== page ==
Over the last few years, the Australian Accounting Standards Board (AASB) has been hard at work reforming the Australian financial reporting landscape, specifically with respect to special purpose reporting by for-profit private sector entities. The implementation period for many affected entities is drawing to a close as 30 June 2022 is just around the corner. Hopefully, entities impacted by the reforms have their GPFS house in order.
The entities that will no longer be permitted to prepare special purpose financial statements (SPFS) for years ending 30 June 2022 and thereafter are those required by:
- legislation (e.g. the Corporations Act) to prepare financial statements that comply with Australian Accounting Standards or ‘accounting standards’; or
- a constituting (e.g. trust deed) or other document (e.g. loan agreement) created or amended on or after 1 July 2021 and includes, or retains, a requirement to prepare financial statements that comply with Australian Accounting Standards.
These entities must prepare general purpose financial statements (GPFS) for years ending 30 June 2022 and beyond. Tier 2 GPFS (as opposed to Tier 1 GPFS) will probably be appropriate as it is unlikely that these entities will have public accountability (as defined in AASB 1053 Application of Tiers of Australian Accounting Standards).
Tier 2 GPFS requires compliance with all the recognition and measurement requirements in Australian Accounting Standards, including those relating to consolidation and equity accounting. In terms of disclosures in the financial statements, Tier 2 entities are required to apply the new Simplified Disclosures that replaced the Reduced Disclosure Requirements (RDR) with effect from 1 July 2021 (that is, for years ending 30 June 2022 and later).
The new Simplified Disclosures are contained in a standalone standard, namely AASB 1060 General Purpose Financial Statements – Simplified Disclosures for For-Profit and Not-for-Profit Tier 2 Entities.
Entities that prepare Tier 2 RDR financial reports will also be impacted in that they too will have to adopt the new Simplified Disclosures for years ending 30 June 2022 and beyond. Since these entities already prepare GPFS, there is no change to the how the numbers are derived since the recognition and measurement requirements under Tier 2 remain unchanged.
Entities that currently prepare SPFS, especially June reporters, that have not yet evaluated if and how they are impacted by the reforms should do so with some sense of urgency. The extent of impact on entities ranges and will very much depend on the degree to which an entity currently complies with the recognition and measurement provisions in Australian Accounting Standards, as well as the existing level of disclosures it makes in its SPFS. One of the biggest anticipated challenges in transitioning to GPFS for the first time is consolidating subsidiaries where this has not been done in the past.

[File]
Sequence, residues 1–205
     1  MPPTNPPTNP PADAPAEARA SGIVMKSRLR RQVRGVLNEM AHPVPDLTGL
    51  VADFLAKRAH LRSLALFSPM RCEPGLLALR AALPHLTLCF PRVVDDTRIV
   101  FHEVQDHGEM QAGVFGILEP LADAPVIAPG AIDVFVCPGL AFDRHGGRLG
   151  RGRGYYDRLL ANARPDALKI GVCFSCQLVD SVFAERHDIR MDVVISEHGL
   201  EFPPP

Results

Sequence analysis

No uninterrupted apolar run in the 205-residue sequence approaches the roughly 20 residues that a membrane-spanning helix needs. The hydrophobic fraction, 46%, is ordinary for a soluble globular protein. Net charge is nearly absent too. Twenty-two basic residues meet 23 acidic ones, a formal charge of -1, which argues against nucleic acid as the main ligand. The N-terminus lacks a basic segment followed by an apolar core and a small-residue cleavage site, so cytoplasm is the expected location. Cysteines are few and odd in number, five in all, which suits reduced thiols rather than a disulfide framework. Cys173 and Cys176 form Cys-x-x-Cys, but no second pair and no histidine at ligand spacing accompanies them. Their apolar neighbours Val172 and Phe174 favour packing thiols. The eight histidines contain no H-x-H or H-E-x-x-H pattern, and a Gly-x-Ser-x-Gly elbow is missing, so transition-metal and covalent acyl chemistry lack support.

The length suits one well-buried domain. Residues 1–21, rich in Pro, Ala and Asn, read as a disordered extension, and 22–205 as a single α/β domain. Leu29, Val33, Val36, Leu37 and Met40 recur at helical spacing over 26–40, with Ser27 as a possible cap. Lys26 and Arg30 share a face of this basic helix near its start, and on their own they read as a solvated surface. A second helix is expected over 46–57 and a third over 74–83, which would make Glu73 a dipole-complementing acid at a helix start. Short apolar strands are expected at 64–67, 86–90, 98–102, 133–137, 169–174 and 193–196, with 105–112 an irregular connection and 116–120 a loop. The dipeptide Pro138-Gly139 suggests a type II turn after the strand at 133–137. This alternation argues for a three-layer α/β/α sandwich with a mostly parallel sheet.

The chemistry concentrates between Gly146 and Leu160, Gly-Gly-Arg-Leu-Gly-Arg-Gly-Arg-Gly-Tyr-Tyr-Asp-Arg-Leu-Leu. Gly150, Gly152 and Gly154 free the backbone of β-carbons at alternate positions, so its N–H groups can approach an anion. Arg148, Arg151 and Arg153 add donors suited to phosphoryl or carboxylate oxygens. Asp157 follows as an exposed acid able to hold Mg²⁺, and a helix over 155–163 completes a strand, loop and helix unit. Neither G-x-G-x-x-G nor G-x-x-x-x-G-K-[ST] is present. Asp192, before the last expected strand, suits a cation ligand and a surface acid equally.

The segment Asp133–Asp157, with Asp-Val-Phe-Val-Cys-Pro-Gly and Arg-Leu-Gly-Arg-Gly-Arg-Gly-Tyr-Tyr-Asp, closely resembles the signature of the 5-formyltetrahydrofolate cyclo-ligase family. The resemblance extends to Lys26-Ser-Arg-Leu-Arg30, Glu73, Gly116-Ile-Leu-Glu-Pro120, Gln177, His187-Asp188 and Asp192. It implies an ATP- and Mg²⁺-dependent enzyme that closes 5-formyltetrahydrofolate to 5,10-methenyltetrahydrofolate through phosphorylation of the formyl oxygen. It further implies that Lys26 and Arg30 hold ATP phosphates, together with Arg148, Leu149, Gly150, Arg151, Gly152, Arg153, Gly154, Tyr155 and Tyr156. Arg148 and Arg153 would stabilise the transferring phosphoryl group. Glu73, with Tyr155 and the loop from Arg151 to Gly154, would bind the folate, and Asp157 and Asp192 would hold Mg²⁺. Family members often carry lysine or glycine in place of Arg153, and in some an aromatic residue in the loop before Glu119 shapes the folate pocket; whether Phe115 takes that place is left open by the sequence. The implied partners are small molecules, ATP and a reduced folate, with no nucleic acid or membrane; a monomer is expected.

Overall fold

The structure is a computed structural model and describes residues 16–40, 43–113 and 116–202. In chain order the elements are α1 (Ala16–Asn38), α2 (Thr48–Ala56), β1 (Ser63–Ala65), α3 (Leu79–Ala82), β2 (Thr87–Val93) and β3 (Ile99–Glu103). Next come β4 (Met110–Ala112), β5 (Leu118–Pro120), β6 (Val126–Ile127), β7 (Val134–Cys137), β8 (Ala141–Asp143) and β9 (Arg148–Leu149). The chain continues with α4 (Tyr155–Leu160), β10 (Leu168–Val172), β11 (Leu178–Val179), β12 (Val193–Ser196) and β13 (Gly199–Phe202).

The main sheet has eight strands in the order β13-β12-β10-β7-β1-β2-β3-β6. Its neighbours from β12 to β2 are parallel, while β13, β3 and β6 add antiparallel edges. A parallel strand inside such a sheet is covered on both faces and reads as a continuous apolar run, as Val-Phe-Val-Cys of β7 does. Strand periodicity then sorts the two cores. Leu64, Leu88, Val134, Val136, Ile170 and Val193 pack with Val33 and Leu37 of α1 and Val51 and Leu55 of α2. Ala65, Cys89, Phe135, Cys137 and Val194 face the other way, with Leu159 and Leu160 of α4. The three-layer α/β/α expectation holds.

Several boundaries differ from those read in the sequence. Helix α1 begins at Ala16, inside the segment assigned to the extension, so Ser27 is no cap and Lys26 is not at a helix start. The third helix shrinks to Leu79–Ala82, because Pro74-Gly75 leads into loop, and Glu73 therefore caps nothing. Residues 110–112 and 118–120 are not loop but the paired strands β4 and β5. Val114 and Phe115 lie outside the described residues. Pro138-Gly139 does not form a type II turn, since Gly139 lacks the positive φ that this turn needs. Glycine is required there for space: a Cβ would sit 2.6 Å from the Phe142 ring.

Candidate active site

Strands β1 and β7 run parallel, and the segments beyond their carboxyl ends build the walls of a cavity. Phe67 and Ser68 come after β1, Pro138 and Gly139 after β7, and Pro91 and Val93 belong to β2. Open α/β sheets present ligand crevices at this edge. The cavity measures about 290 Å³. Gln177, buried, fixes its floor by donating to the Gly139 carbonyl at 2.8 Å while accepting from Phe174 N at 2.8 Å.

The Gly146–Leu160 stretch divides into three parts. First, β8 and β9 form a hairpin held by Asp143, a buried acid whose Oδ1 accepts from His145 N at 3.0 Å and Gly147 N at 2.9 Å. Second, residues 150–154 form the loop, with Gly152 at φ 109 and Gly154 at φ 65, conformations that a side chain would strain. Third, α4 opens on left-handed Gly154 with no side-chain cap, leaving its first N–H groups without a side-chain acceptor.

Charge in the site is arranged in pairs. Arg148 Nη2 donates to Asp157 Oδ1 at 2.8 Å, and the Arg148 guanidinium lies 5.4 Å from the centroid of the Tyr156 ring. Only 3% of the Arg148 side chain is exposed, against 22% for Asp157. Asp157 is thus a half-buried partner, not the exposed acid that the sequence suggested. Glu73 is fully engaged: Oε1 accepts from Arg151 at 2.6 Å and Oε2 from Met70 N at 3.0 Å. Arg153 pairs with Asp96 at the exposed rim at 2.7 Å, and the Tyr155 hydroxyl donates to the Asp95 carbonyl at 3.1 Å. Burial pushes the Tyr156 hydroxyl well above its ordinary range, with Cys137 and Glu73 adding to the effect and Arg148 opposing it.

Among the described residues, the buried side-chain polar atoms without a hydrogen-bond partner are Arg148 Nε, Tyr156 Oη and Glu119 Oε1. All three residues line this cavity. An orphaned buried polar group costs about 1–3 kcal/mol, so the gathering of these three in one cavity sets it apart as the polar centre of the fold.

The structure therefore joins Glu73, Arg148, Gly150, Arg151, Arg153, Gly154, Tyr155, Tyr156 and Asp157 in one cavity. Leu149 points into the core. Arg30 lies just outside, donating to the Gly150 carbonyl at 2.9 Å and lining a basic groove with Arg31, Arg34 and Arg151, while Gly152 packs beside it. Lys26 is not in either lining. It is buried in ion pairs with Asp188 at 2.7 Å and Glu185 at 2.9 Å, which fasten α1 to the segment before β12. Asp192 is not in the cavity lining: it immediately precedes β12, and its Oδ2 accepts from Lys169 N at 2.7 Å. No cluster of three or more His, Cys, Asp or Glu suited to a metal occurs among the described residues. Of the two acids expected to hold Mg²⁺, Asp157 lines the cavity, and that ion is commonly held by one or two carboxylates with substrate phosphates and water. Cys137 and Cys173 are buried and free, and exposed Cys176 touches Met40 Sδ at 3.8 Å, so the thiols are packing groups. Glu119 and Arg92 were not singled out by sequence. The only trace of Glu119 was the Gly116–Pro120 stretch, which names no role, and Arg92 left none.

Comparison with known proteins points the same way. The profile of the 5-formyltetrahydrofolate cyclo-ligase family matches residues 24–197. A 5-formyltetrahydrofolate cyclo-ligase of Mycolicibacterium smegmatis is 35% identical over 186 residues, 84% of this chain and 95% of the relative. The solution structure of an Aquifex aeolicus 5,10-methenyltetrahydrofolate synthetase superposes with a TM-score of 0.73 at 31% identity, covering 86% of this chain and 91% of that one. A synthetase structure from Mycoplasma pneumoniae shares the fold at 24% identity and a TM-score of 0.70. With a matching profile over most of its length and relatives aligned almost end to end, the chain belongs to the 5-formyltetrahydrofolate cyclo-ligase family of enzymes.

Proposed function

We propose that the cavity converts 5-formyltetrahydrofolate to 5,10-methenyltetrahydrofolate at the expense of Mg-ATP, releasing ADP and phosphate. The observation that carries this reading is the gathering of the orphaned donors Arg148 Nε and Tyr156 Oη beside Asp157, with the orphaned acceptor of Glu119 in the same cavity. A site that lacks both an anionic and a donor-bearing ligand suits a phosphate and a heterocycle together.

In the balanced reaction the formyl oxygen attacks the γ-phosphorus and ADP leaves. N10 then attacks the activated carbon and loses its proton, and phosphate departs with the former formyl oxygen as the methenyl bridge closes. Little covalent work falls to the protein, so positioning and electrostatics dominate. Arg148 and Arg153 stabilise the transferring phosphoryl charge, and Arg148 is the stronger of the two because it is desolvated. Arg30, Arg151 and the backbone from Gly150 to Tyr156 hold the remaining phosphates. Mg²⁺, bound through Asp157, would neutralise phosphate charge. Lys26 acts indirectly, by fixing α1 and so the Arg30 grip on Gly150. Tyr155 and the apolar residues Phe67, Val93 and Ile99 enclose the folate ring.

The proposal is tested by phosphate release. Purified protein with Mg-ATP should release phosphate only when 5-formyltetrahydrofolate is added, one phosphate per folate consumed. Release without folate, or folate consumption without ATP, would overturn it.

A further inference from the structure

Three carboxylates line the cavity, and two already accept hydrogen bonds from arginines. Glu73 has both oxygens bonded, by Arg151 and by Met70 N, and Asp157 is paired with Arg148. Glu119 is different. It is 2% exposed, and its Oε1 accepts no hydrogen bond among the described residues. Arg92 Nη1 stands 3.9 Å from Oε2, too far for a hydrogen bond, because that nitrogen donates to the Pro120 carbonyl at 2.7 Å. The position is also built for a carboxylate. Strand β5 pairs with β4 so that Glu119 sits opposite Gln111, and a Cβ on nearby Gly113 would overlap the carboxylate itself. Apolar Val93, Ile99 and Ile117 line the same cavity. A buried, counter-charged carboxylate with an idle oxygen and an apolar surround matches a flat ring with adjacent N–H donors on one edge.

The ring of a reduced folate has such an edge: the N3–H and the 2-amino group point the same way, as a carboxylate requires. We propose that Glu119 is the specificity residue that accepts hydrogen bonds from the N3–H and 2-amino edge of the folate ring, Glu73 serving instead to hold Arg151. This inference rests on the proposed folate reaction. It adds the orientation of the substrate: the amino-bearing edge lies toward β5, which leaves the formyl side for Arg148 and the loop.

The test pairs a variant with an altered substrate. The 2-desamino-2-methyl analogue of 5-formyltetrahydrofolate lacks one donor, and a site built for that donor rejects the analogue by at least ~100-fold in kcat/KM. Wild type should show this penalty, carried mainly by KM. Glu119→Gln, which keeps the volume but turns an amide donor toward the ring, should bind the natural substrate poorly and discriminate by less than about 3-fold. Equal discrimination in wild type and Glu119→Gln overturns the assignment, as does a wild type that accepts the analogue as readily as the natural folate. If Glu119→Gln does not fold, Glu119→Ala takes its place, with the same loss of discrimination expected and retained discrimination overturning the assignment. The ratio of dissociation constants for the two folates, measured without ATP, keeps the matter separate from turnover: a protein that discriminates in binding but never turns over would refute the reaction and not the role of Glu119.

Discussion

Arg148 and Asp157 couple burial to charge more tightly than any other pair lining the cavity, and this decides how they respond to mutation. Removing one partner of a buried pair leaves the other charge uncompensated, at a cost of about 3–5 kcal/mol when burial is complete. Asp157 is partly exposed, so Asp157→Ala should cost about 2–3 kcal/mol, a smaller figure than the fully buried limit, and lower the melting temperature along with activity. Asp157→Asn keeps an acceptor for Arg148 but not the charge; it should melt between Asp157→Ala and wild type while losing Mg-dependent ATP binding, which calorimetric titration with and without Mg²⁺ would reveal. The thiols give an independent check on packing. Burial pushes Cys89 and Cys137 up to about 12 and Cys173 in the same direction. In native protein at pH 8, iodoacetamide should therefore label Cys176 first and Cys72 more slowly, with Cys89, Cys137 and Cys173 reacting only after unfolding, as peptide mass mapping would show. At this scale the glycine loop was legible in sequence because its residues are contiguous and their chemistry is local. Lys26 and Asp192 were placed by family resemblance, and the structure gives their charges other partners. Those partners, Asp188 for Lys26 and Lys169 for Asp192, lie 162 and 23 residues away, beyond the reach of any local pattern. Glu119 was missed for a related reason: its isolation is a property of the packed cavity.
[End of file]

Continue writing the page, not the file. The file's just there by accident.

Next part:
Entities that currently prepare SPFS should:
1. Evaluate if they are captured by the reforms
This may entail reading governing and other documents such as bank or loan agreements to identify the financial reporting requirements contained therein. A requirement to prepare financial statements in accordance with Australian Accounting Standards may trigger GPFS depending on the date the document was created or amended (before or after 1 July 2021).
2. Understand their current accounting policies
The aim of this exercise is to identify those policies that are not in line with the requirements of Australian Accounting Standards. For example, if operating leases (other than short-term leases or leases of low value assets) are not recognised on the statement of financial position, this does not comply with AASB 16 Leases. Or if the entity does not account for deferred tax, this is not in compliance with AASB 112 Income Taxes. Adjustments to opening retained earnings of the comparative period (i.e. at 1 July 2020 for a 30 June 2022 balance date) will be needed to ‘fix’ the numbers so they reflect all the requirements of Australian Accounting Standards as at date of transition. This includes accounting for subsidiaries that historically have not been consolidated under the requirements of AASB 10 Consolidated Financial Statements.
3. Identify and make disclosures required by AASB 1060
Moving from the minimum disclosures required in SPFS to the new Simplified Disclosures could mean a substantial elevation in the information to be disclosed, depending on the nature of an entity’s business. In particular, common areas such as revenue, tax, related parties, leases and financial assets will require some attention. Comparative numbers must be provided in the first set of GPFS prepared for years ending 30 June 2022 and later (relief from doing so was afforded only to early adopters). Collating the required information for disclosure purposes could involve some effort especially where accounting systems are unsophisticated.
4. Engage early with auditors
As can be seen from the above, there is a lot for entities to think about when transitioning to GPFS for the first time. Engaging with auditors sooner rather than later will mean they can assist in navigating any complexities that arise during the transition process. Furthermore, auditors will be in a better position to then verify any transitional adjustments and review new financial statement disclosures, including those relating to transition.
This article was first published in The Bottom Line Issue 12.